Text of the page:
What is Clear, and Not So Clear, About Fed Policy

I want to comment on some of the reactions I’ve been reading about lately concerning the Fed’s recent policy statement. The full text of the statement can be found here: FOMC September 21, 2010. Here is the last paragraph:

The Committee will continue to monitor the economic outlook and financial developments and is prepared to provide additional accommodation if needed to support the economic recovery and to return inflation, over time, to levels consistent with its mandate.

One reaction to this statement can be found here: Fed’s Hint of Further Easing Leaves Wall Street Guessing.

Evidently, the Fed is creating some confusion for the markets. This quote from that article essentially sums it up:

Depending on whom you asked, the central bank either said too much, too little or said it poorly…

Well, the Fed can be annoying at times, I guess. It would be nice if the next time it would say neither too much, nor too little, and–of course–to say all it is saying (and not saying) much more clearly!

But kidding aside, is there a legitimate complaint here? Maybe. What I thought I would do is to list in my own mind the things I think are more and less clear, and then maybe talk about whether any lack of transparency (if it exists) really matters. (Note: I am writing this on the fly, so I’m not really sure where this is going to end up).

What is clear

First, although the Fed has no explicit long-run inflation target (something I believe should be rectified), it’s implicit target is widely viewed to be around 2%.  Of course, inflation fluctuates around this target and normally, this short-run behavior is of no great concern. The Fed does appear, however, to go on alert when it detects what might be the beginning of an upward or downward trend in the inflation rate (away from the 2% target).

Second, inflation is currently running at around 1% and the short-run recent trend (if it is indeed a trend) is pointing in the downward direction. This event, in and of itself, might normally elicit only a modest concern. But combined with an economy presently weaker than expected, the concern is now heightened. And, in particular, the worry at present is the risk of a Japanese style deflation (a “deflation trap” in the minds of some, though I’m not even sure if such a thing exists).

Third, it seems clear that this risk is presently judged to be “small.” But small is not the same thing as zero. Accordingly, the Fed has judged it prudent to issue a contingency plan (note the big IF in the FOMC statement quoted above). You might recall that not too long ago, the Fed was more concerned with another part of its contingency plan (the so-called exit strategy, designed to mitigate inflation fears following the massive expansion in its balance sheet).

Fourth, it seems clear that the Fed stands prepared to “do whatever it takes” to prevent inflation from trending downward any further. (It is also committed to keep inflation reigned in, should we find ourselves on the other side of the inflation target–again, this is the much talked about exit strategy).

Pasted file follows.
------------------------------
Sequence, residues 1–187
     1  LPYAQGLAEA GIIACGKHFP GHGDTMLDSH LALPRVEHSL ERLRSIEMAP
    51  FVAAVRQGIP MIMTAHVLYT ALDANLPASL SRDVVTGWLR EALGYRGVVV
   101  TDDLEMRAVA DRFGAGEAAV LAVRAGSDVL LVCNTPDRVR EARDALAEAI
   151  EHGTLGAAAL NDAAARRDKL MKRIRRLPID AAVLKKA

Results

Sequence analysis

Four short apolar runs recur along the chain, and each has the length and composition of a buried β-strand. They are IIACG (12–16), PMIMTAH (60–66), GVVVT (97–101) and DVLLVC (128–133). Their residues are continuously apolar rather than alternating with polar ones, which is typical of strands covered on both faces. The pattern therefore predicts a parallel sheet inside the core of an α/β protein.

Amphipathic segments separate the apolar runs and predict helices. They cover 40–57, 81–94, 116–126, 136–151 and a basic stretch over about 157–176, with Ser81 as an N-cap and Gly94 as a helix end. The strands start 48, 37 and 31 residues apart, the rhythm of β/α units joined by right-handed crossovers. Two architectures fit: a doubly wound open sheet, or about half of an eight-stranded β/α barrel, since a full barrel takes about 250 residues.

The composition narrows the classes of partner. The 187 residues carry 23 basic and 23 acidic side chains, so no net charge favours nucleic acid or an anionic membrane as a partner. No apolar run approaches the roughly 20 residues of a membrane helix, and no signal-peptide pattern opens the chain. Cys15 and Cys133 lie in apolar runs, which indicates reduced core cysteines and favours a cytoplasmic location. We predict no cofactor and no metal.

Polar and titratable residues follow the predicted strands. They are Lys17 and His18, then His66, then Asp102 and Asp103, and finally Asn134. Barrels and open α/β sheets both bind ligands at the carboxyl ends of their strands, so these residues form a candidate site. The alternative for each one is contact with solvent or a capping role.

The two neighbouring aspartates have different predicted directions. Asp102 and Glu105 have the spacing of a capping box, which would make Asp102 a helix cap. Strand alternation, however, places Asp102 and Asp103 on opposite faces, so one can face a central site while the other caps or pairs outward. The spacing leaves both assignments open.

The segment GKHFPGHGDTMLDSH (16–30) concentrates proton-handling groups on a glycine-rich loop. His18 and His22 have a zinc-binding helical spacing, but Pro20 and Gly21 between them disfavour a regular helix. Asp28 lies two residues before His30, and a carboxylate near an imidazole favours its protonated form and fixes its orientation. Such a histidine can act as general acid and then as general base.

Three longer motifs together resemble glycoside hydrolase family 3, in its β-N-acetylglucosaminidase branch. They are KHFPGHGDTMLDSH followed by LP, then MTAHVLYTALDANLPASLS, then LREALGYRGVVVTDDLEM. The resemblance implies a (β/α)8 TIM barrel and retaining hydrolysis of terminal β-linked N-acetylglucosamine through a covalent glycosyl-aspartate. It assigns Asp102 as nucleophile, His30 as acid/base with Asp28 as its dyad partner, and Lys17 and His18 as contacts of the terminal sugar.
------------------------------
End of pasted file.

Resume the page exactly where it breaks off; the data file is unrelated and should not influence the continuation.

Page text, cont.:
What is less clear

The recent FOMC statement did not, however, delve into the details of what tactics the Fed would employ in the event of undesirably low inflation. On the other hand, the Fed has given us a pretty good hint at how it might proceed in its earlier statement: FOMC August 10, 2010; i.e.,

To help support the economic recovery in a context of price stability, the Committee will keep constant the Federal Reserve’s holdings of securities at their current level by reinvesting principal payments from agency debt and agency mortgage-backed securities in longer-term Treasury securities. The Committee will continue to roll over the Federal Reserve’s holdings of Treasury securities as they mature.

In short, the Fed’s going to do what it always does when it wants to loosen policy: purchase assets in exchange for newly created money. Which assets? Not short term treasuries–their yields are close to zero. No, it will almost surely include longer dated treasuries, whose yields are currently in the 2.5% range.

There remains some uncertainty in terms of how such a loosening might be implemented over time. A good bet, in my view, would be a state-contingent sequence of purchases, with the quantities purchased depending on how output and inflation evolve over time. The policy rule might take a form like this:

Asset Purchase Rule: Bt – Bt-1 f ( πt – π, … )

where the left-hand-side denotes the size of the desired bond purchase (sale, if negative) as a decreasing function of the inflation gap (and possibly other things).

What is not so clear

What if they do all that and it turns out not to be working? In particular, suppose that inflation continues to trend downward as yields on long dated treasuries approach zero? Then what?

Well, there really aren’t a lot of options. If the Fed wants to talk inflation up and back its talk with action, it will have to expand the set of securities it is willing to purchase. This much seems clear enough (to me, at least). The only question, in this event, is which securities? (Maybe this is what upsets Wall Street traders, because they would like to know which securities to long and short? If so, they should look on bright side of this opacity: they can continue to blame the Fed for their trading losses).